miRNAs, acting as negative regulators of gene expression, regulate various biological processes via inhibiting the expression of their target genes. Increasing evidence shows that some miRNAs play critical roles in tumorigenesis of CRC and have a potential clinical value in diagnosis, treatment and prognosis evaluation for CRC [4–9]. It is of great importance to identify the targets of miRNAs and elucidate their complex regulatory networks.
In this study, a multi-step approach to identify the mRNA targets of dysregulated miRNAs in CRC was adopted. Firstly, in the same cohort of samples containing CRC tissues and their corresponding adjacent tissues, the expression profiles of miRNAs and mRNAs were screened. Secondly, all possible pairs of miRNA-mRNA with an anti-correlationship were identified by Pearson’s correlation analysis, implying that these pairs of miRNA-mRNA may contain both the direct target-relationship and indirect anti-correlationship pairs. Thirdly, the reliability of the identified target-relationship pairs of miRNAs-mRNAs was assessed and confirmed by using both TargetScan and miRanda databases. Finally, the differential expression and their anti-correlationship of 6 miRNAs and 4 mRNAs were validated by qRT-PCR and the regulatory effect of mir-29a on the expression of target of KLF4 mRNA was validated by in-vitro analysis. Through the multi-step approach, 72 miRNA-mRNA pairs containing 22 dysregulated miRNAs and their 58 target mRNAs in CRC were identified, and the Wnt signaling pathway was the only affected pathway based on pathway analysis for the miRNA targets.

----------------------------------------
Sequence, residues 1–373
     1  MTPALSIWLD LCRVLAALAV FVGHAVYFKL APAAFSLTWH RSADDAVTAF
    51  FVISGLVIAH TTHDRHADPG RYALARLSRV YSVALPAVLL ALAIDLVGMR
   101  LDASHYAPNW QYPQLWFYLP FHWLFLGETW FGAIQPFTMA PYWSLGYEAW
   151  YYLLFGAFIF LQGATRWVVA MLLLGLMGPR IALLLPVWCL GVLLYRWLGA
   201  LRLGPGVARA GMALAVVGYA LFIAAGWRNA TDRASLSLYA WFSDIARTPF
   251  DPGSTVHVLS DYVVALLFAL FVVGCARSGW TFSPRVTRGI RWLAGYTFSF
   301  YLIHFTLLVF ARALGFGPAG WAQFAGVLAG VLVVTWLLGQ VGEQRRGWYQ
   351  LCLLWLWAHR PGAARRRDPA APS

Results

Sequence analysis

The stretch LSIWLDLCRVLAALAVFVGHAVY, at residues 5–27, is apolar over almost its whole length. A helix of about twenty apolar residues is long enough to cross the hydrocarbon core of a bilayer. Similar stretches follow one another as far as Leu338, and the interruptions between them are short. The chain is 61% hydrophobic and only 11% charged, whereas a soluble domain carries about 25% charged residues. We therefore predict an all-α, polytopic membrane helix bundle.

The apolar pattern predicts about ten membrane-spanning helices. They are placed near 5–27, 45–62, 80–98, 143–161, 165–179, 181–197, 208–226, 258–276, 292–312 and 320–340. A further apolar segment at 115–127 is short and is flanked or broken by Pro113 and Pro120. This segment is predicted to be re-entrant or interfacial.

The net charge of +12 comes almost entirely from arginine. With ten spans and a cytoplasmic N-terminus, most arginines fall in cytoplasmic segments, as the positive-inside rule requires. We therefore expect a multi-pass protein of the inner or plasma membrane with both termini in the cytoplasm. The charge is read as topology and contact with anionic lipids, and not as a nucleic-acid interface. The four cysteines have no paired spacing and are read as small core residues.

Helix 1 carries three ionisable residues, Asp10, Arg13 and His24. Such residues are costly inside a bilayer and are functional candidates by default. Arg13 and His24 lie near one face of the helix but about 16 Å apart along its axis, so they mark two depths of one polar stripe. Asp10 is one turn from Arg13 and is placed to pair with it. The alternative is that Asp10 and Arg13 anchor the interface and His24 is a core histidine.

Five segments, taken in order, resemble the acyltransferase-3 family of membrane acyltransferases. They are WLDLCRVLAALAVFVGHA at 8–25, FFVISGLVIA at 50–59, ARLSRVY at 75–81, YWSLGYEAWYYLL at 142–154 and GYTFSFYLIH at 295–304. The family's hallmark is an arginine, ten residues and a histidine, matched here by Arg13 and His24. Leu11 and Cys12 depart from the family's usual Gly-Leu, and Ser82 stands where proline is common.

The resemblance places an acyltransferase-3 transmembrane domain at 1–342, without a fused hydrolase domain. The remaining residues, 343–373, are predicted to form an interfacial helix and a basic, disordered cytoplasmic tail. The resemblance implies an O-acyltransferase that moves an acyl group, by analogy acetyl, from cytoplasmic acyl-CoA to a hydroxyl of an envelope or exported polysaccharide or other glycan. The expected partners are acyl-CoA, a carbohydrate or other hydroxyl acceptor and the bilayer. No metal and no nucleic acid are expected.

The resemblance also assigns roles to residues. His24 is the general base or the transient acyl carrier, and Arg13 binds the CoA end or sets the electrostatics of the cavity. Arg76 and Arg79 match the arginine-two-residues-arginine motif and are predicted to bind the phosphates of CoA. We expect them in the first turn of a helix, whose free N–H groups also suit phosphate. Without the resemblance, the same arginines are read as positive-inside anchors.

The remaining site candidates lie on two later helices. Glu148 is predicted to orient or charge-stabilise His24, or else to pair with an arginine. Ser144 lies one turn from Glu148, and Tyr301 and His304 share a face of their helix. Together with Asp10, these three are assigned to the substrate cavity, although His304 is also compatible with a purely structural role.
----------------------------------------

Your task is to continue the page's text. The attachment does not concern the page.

Compared with previous studies on the miRNA expression profile of CRC, including miRNA microarray [12–15], miRNA cloning and SAGE , most dysregualted miRNAs detected in this study were consistent with at least one of the previous studies. However, some discrepancy and inconsistency of the miRNA expression profile between studies were found. For instance, the elevated expression of mir-29b in CRC tissues in this study and the recent report  contradicted findings in Cummins’ report  and the elevated expression of mir-424 in CRC tissues in this study was in consistent with the other two studies based on Chinese patients’ samples[11, 40]. However, no other studies reported the altered expression level of mir-424 in CRC. The discrepancy of miRNA expression profile between studies might be attributed to the sample size, genetic background, clinical characteristics or different technique platforms. Strikingly, it was found that mir-7, an up-regulated miRNA with high fold -change in this study (fold-change = 3.60) was not reported as a dysregulated miRNA in CRC in previous studies. In studies with other tumors, an elevated expression level of mir-7 was an indicator of poor disease-free survival in non-small cell lung carcinoma , and correlated with a larger size of tumor and poor tumor grade in breast cancer tissues  while some reports stated that mir-7 inhibits EGFR and the AKT pathway, and the expression level of mir-7 was down-regulated expression in gilobastoma [43, 44]. It seems that the role of mir-7 differs in various types of cancer, suggesting that the expression and function of miRNAs is tissue cell specific. The expression level of mir-7 and its potential targets in CRC are worthwhile for further investigation